Tuesday, July 30, 2013

I walked through a far field

©  Steve King  2013
All rights reserved

I walked through the farthest field,
where winds rose and long grass bowed.
It would be too much to assume for myself
a solitary power that would move the winds and grass;
a power to call spirits of earth and sky
out from age-long slumbers.

I say that if there are spirits still, they must wait—
withholding sky-borne charms and earthy nods—
and slumber on, imagining better days
to yield a truer prophet,
a shaman or a seer
to utter, even blind, for them.

It is only the least of breeze,
born of the distant sun,
that stirs long grass,
touching all the things that have no care
for great spirits and ages and airs;
a hovering beat that will not sing
until that day when spirits
must gather for real, or not ever;
when spirits might bring lightning
to invest a new waiting dawn.
No saints nor prophets on the path,
shamans or seers to invoke;
though the winds do seem
to whisper in tongues
upon indifferent ears;
though grasses still bow from afar.

For now, the winds and grass,
and those who merely walk,
are caught up surely in the old slow dance:
restless and unready all at once,
glad for something, if only new days,
moving as those tremors move,
that ripple through the patient spirits’ dreams.


  1. "No saints nor prophets on the path,
    shamans or seers to invoke;
    though the winds do seem
    to whisper in tongues
    upon indifferent ears;..."

    Winds whispering in tongues, indeed...I love your word choice and where this poem took me, Steve. Beautifully penned.

  2. this made me think of walking the gettysburg...which is always a stilling spiritual journey for me...the wind whispering in tongues....the least of breeze, so close to the least of these...smiles.

  3. Enjoyed your poem, there is something about being out in the bush when the wind does rise...there's a feeling that you're not alone. :)

  4. I love the wind whispering in tongues, every line beautiful.

  5. Very literary - graceful allusions throughout, and pertinent philosophical questions. One, many, out of many, for many and a man walking the path of others yet always his own way in his own time. Terrific use of language. Really good.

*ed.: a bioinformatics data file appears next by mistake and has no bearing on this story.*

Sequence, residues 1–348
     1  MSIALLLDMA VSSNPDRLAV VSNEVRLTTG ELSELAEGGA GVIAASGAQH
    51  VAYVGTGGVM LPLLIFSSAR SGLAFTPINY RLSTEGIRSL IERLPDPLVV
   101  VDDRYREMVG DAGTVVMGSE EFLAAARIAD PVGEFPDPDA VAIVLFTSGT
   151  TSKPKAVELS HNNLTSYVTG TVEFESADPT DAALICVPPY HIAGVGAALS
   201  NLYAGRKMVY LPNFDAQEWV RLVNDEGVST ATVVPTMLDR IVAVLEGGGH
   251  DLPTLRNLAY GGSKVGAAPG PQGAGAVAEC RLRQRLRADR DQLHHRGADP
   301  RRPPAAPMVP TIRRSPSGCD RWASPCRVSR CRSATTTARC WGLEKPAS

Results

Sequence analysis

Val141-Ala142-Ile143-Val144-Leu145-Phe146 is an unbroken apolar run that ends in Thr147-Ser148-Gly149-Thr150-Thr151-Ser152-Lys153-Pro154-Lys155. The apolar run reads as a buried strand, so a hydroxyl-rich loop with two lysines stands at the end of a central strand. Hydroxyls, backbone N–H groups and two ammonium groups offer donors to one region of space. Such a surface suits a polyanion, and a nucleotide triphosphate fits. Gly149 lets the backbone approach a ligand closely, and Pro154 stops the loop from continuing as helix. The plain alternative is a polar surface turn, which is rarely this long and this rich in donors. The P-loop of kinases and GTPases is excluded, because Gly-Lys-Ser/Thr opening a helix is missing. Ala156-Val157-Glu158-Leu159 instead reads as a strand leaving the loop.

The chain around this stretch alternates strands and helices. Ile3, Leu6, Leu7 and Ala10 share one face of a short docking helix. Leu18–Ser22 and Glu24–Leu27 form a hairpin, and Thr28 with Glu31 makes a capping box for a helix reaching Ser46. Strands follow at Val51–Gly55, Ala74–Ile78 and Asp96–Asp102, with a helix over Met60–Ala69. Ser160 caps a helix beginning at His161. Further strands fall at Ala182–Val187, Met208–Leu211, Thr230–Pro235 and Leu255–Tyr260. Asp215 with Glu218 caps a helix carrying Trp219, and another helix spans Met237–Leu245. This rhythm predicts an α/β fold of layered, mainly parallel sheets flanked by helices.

6. Haunting, in a good way.


  7. Very well done, love the crafting of this.

  8. I've never thought of spirits as patient, but perhaps they are, perhaps they must be. The wind as their breath, whispering through grass, a lovely sound, indeed.

  9. There's nothing better than being caught up in that old slow dance... this is beautiful.

  10. Your language here...beautiful...Your company of shamans and spirits...magic...reminds me somewhat of my own walks with spirits and history...on the English moors. A truly beautiful poetic capture, Steve. One of my faves :) xo ~jackie~

  11. Such graceful movement through the poem as well as through the grass. Peaceful.

  12. What is it about nature that is so essential to us.... It and our bodies are one, all our racial memory , dna , evolutionary experience, to part with it is such a bitter experience, comdemns us to decay.......thanks mate , really enjoyed it

  13. There is a hint of mysticism in your words Steve ~ It made me think of other things that moves our world, certainly spirits and powers beyond our imagination ~

    Have a lovely week ~ And I am still waiting for my book to arrive, smiles ~

  14. New days are something to be very glad of! I am reminded here of a Wallace STevens sort of perspective - that very interesting interplay between nature and the humans walking about around her trying to impress their sense of order. Really interesting poem. k.